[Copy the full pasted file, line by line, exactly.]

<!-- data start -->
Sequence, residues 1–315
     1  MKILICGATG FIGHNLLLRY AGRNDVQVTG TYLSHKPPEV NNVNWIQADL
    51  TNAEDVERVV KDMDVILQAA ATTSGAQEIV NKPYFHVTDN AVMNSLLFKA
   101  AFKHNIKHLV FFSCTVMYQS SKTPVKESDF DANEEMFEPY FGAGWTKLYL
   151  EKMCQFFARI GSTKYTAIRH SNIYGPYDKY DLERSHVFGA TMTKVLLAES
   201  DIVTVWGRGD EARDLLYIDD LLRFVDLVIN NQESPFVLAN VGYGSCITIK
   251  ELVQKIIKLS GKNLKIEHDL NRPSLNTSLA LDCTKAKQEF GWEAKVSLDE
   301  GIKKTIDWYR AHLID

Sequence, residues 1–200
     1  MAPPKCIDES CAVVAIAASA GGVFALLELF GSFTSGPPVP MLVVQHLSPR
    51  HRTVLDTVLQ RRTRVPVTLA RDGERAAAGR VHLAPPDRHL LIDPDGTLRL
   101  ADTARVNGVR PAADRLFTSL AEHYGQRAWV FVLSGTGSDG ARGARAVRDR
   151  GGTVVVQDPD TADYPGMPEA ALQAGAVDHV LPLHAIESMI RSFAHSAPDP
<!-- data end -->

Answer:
Sequence, residues 1–315
     1  MKILICGATG FIGHNLLLRY AGRNDVQVTG TYLSHKPPEV NNVNWIQADL
    51  TNAEDVERVV KDMDVILQAA ATTSGAQEIV NKPYFHVTDN AVMNSLLFKA
   101  AFKHNIKHLV FFSCTVMYQS SKTPVKESDF DANEEMFEPY FGAGWTKLYL
   151  EKMCQFFARI GSTKYTAIRH SNIYGPYDKY DLERSHVFGA TMTKVLLAES
   201  DIVTVWGRGD EARDLLYIDD LLRFVDLVIN NQESPFVLAN VGYGSCITIK
   251  ELVQKIIKLS GKNLKIEHDL NRPSLNTSLA LDCTKAKQEF GWEAKVSLDE
   301  GIKKTIDWYR AHLID

Sequence, residues 1–200
     1  MAPPKCIDES CAVVAIAASA GGVFALLELF GSFTSGPPVP MLVVQHLSPR
    51  HRTVLDTVLQ RRTRVPVTLA RDGERAAAGR VHLAPPDRHL LIDPDGTLRL
   101  ADTARVNGVR PAADRLFTSL AEHYGQRAWV FVLSGTGSDG ARGARAVRDR
   151  GGTVVVQDPD TADYPGMPEA ALQAGAVDHV LPLHAIESMI RSFAHSAPDP